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Many Illinois residents have heard the use of the term tort and likely know that it is a legal term. However, there can be confusion about exactly what a tort is. Simply put, a tort is an injury that any individual sustains that was caused by another party's actions or inaction.

Some tort situations can be minor and not really warrant any follow up. Other torts, however, can result in serious consequences to victims. Permanent injury or disability, loss of limbs and even wrongful death can all be outcomes of a tort.

Some key types of torts that may warrant legal action can include:

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Elder abuse is an ever-increasing problem in nursing homes today. As the number of elderly Americans grows, the 2010 Census recorded 13 percent of the U.S. population to be over the age of 65, so does the possibility of abuse at the hands of a caregiver. The National Center on Elder Abuse found in 2009 that 3.2 million Americans lived in long-term care facilities. In a 2000 study, cited by the NCEA, 45 percent of patients in nursing homes reported having been abused and 95 percent reported being the victim of neglect, or seeing another patient suffer neglect.

Such abuse and neglect is unacceptable and unlawful. The Illinois Nursing Home Care Act provides certain rights to patients in long-term care facilities. Among these rights is the right not to be abused or neglected. The law defines abuse as "any physical or mental injury or sexual assault inflicted on a resident other than by accidental means."

Who is required to report abuse and why is it under reported?

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For patients in Sangamon County, many don't expect that a routine procedure could potentially have life-threatening consequences. According to the Journal of the American Medical Association, medical negligence is third in line after heart disease and cancer as one of the leading causes of death in the U.S.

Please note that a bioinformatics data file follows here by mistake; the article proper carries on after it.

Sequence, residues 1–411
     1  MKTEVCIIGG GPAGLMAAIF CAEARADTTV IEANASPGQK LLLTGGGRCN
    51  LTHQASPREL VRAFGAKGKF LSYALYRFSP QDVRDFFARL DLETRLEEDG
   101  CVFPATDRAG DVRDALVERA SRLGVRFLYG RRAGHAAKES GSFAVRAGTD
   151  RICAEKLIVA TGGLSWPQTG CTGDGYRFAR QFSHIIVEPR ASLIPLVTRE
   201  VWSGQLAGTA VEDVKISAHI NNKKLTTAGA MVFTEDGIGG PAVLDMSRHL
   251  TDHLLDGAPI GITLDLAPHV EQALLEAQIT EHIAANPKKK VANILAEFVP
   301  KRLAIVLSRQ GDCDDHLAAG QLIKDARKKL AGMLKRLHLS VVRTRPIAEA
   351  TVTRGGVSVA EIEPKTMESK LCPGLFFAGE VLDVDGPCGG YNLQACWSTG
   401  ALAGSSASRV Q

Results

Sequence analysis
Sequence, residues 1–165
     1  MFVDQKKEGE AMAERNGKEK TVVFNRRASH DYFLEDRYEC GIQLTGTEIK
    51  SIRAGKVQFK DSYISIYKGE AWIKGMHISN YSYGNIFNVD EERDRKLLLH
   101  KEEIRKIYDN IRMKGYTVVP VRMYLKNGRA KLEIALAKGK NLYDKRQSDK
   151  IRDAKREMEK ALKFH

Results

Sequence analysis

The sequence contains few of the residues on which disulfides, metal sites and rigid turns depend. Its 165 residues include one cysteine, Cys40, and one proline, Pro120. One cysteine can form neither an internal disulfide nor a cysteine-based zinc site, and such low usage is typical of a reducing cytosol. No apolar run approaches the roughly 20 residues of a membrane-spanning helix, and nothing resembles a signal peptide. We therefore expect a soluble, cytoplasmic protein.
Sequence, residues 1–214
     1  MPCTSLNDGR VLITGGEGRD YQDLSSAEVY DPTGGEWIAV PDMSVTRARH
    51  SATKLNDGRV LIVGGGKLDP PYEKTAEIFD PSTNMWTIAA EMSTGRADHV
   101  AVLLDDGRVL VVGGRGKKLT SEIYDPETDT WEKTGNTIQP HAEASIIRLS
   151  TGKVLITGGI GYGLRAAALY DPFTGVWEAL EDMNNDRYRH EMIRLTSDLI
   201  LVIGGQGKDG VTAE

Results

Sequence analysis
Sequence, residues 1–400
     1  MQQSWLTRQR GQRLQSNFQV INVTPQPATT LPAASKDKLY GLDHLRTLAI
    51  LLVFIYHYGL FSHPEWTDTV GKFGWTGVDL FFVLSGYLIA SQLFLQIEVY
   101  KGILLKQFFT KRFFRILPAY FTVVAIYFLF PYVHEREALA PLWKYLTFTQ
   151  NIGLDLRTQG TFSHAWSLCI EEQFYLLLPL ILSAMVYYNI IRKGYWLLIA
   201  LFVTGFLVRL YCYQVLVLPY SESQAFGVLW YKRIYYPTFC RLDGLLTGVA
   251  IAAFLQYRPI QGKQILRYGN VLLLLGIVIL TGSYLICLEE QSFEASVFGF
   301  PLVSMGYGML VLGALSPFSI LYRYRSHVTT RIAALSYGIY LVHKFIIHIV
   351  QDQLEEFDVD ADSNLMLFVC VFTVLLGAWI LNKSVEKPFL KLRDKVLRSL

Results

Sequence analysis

Why hospitals aren't likely to stop medical malpractice

By definition, medical malpractice occurs when a medical professional provides a patient with substandard treatment, or the results of their care cause harm or even death. Types of medical malpractice are varied. A patient may be the victim of medical negligence if:

  • Their doctor or nurse gives them the wrong dosage of a medication or they given the wrong medication altogether.
  • A surgeon operates on the wrong part of their body.
  • They are misdiagnosed with an incorrect illness.
  • Things are left in their body after surgery.
  • They suffer from back pain, a staph infection or pressure ulcers after receiving medical care.

Although medical negligence is an extremely serious problem, a recently published survey in JAMA discovered that hospitals are not taking action to prevent medical malpractice because of profits. According to the study, hospitals get paid more when patients come in with the effects of infections and other errors.

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Caring for loved ones is not always a possibility as they age, particularly as their medical needs increase. Despite being unable to care for them personally, most people will set out to find the best possible care available. Unfortunately, as demonstrated in a recent study, the care provided by nursing homes across the country is not always up to the standards most people would expect.

Researchers from Families for Better Care compiled data from nursing homes in all 50 states and ranked each state based on their findings. To determine their rankings, the researchers focused on a number of areas, including:

  • Staffing levels.
  • Inspection reports.
  • Complaints.
  • Deficiencies.

While some states received passing scores, the researchers concluded that the nursing homes in eleven states deserved failing grades - among those with the worst scores in the U.S. were the nursing homes in Illinois. In addition to receiving an "F," Illinois' nursing homes were ranked 42nd in the country.

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A patient at a Chicago nursing home failed to receive immediate care after suffering burns that took his life. Just days before he was to be released from the rehabilitation facility, the man's shirt started on fire. Nursing staff sprayed him directly with a fire extinguisher to put out the flames and did not provide necessary aid before a rescue crew arrived ten minutes later. The patient died of a heart attack shortly after the incident.

An expert stated in the Huffington Post report that the man may have lived if proper care was administered right away by care providers at the home. The care facility has been sued by the man's family for wrongful death and it was cited by authorities for failing to properly train staff.

Illinois care gives cause for concern

According to Families for Better Care - a citizen advocacy group which monitors nursing home care quality across the nation - Illinois is one of two states to receive a failing grade for care provided by its nursing home facilities. The group claims that patients are not provided adequate care, mostly due to a lack of sufficient staff members, and the facilities have high rates of serious incidents and deficiencies such as:

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